World Beat musician and producer Arkin Ilicali, better known as Mercan Dede, cleverly fuses the Eastern spiritual traditions of Sufi music with the contemporary sounds of ambient and chill out music to create a mix of old and new, East and West. An adherent of mystical Sufi spirituality, Turkish-born and Montreal-based Mercan Dede brings his holistic understanding of sound and the rhythms of nature to his interpretations of traditional Sufi music as well as his original compositions.
Mercan Dede believes that when you put digital electronic sounds together with hand-made human ones, you can create universal language capable of uniting old and young, ancient and modern. ‘Those things are not really separate ‘ says Dede. ‘The essence of Sufism is counterpoint. Everything exists with its opposite. On one side I am doing electronic music. The other side of that is this really acoustic traditional music.’
Raised poor in a Turkish village in the 197s Dede recalls the moment when listening to the radio as a six-year-old he fell in love with the sound of the ney. But even when he moved to Istanbul to study journalism he could not afford an instrument so he made his first one from a length of plastic plumbing pipe. Although he eventually found a ney teacher Dede did not pursue music as a career. He was more deeply involved with photography and by chance an official at the Saskatoon Public Library in Canada saw some of his work and invited him to come and do an exhibition.
Dede wound up studying multimedia in Saskatoon and he worked in a bar to earn rent money. That was where he first encountered the art of deejaying. One day the bar’s deejay couldn’t make it and Dede stepped in. The techno revolution was just beginning and Dede was getting in on the ground floor.
By the mid-1980s he was traveling to do ‘technotribalhouse’ deejay gigs under the name Arkin Allen. He debuted as Mercan Dede in 1996 when he released his first album Sufi Dreams recorded for Golden Horn Records in San Francisco. The album was a minimalist techno project featuring the ney flute and it earned impressive reviews.
A few years later, Dede moved to Montreal where he first studied then taught at Concordia College moving ever more forcefully into the growing techno scene. Recordings he made under the name Mercan Dede got noticed in Istanbul and a festival invited him to perform expecting an older gentleman as Dede means ‘grandfather’ in Turkish. When people saw a young band mixing techno and tradition they were exhilarated and Dede has stuck with this adapted name ever since.
Dede formed his first group in 1997 and created more recordings, Journeys of a Dervish (Golden Horn 1999), Seyahatname (Doublemoon 2001) and Nar (Doublemoon 2002). From the start, the group was more an idea than a set lineup. ‘I always get different musicians ‘ says Dede ‘all the time. When I do a European tour each country I choose a guest musician from that country. This is the essence of the group.’ The Canadian TV station Bravo filmed and aired Dede’s concert with Turkish master kemence (Persian violin) player Ihsan Ozgen at the Canadian Museum of Civilization in the Fall of 1998. German television producers Saarlandischer Rundfunk were so attracted by Dede’s music that they traveled to Canada to feature him in their documentary about Sufi Music. While filming Dede at work in Montreal and Toronto in February of 1998 the producers requested that Dede create the soundtrack for this project. Mercan Dede’s album Seyahatname includes pieces composed for a dance theater project directed and choreographed by Beyhan Murphy for the Turkish State Modern Dance Troupe.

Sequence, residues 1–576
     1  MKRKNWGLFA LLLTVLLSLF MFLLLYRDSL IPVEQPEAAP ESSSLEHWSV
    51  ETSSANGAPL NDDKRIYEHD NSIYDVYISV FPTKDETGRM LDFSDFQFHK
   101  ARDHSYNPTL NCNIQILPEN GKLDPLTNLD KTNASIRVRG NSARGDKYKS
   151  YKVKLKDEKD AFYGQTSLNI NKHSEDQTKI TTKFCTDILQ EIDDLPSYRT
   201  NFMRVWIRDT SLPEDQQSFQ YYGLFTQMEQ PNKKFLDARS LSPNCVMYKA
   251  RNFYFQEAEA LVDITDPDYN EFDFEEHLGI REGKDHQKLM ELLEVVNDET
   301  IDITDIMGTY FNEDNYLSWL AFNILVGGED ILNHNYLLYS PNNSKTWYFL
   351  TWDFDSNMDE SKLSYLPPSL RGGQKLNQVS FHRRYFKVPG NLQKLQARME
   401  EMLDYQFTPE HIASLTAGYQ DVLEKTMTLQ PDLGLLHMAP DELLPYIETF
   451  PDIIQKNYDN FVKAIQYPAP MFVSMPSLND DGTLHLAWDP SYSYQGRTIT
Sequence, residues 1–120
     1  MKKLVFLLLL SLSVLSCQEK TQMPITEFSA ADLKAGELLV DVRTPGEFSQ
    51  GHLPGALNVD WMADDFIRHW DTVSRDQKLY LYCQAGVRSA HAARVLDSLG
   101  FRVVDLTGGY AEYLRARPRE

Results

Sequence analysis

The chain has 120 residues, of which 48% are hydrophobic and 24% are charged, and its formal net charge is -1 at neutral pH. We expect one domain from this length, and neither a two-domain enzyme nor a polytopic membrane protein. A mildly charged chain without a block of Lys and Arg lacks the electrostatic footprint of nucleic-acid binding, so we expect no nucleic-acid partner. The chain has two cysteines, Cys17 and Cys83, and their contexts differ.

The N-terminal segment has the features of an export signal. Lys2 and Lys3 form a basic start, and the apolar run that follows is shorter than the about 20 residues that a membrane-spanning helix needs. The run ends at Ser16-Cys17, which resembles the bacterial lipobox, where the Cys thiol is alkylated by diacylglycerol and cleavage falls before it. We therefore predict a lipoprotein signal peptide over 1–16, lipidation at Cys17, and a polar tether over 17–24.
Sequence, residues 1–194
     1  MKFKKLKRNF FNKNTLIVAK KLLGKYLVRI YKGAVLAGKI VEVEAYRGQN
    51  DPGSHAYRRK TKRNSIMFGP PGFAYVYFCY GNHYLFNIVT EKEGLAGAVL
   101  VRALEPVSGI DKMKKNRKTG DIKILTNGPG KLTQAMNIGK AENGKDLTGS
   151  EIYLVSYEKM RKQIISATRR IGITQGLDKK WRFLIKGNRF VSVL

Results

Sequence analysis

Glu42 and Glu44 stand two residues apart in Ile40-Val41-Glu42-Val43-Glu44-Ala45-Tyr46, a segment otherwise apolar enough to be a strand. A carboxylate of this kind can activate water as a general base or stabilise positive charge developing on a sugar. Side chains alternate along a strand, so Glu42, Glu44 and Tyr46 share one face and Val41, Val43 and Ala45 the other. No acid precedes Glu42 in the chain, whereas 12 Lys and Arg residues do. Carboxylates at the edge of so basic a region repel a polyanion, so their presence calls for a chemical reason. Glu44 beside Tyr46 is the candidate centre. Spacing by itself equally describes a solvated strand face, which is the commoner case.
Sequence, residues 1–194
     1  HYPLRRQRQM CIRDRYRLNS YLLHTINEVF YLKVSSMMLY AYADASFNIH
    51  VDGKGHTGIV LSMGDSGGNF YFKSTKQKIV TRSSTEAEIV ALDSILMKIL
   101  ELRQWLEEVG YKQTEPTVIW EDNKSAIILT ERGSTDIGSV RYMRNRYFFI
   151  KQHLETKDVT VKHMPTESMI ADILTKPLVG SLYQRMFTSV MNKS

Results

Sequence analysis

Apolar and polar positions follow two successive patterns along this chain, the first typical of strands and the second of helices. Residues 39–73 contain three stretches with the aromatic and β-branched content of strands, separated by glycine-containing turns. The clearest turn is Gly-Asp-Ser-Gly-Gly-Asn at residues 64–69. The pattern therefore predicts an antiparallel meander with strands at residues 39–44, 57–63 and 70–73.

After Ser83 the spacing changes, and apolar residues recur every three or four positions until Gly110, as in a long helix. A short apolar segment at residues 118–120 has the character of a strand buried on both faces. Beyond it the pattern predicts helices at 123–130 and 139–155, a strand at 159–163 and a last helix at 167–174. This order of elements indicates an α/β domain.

In July 2001 Mercan Dede performed at the highly acclaimed Montreal Jazz Festivals sharing the General Motors Big Event stage with Burhan Ocal and Jamaaladeen Tacuma in a concert called ‘East Meets the West’ before an audience of more than 15 people. On that same evening, right after his concert, he appeared at Spectrum this time performing with his project Montreal Tribal Trio again as part of the festival program. In 2002 the group electrified the World Music Expo (WOMEX) world music trade fair in Essen Germany and also the International Transmusicales Festival in Rennes.
The group’s 2004 U.S. debut took place at Joe’s Pub in New York in January 24 as part of the city’s groundbreaking world music marathon GlobalFest. Mercan Dede also provided music for Pina Bausch’s “Istanbul”’ performed in the city it was named for in the spring of 2003.
Mercan Dede was invited to play at GlobalFest (APAP Conference) in New York in January 2004 where 16 different bands from 5 continents play. He was commissioned by the Turkish Ministry of Culture as the music director of the Goldestan Project. The project is destined to represent Turkish Culture and Arts all around the Globe.
Combining the artist’s first two albums on Doublemoon (‘Seyahatname’ and ‘Nar’) ‘Sufi Traveler’ was the first Mercan Dede widely distributed release in USA. The double album followed a North American tour in the summer 2004 including the 27th annual Vancouver Folk Festival (Canada), Stern Grove Festival (San Francisco), Grand Performances (Los Angeles), Joe’s Pub at the Public Theatre Celebrate Brooklyn.
UNESCO announced 2007 as World Mevlana Year during which Mercan Dede released 800, an album in homage to Rumi’s 800th birthday. After a six year hiatus, his album Earth was released to critical acclaim featuring guest vocals by Azam, Ali Sabahat Akkiraz and a sample of Gandhi’s first and only speech recorded in 1923.
Sufi Dreams (Golden Horn, 1998)
Journeys of a Dervish (Golden Horn, 1999)
Nar (Doublemoon, 2002)
Seyahatname (Doublemoon, 2002)
Sufi Traveler (High Times Records, 2004)
Su (RH Pozitif Muzik 2004/Escondida Music, 2005)
Breath (White Swan, 2007)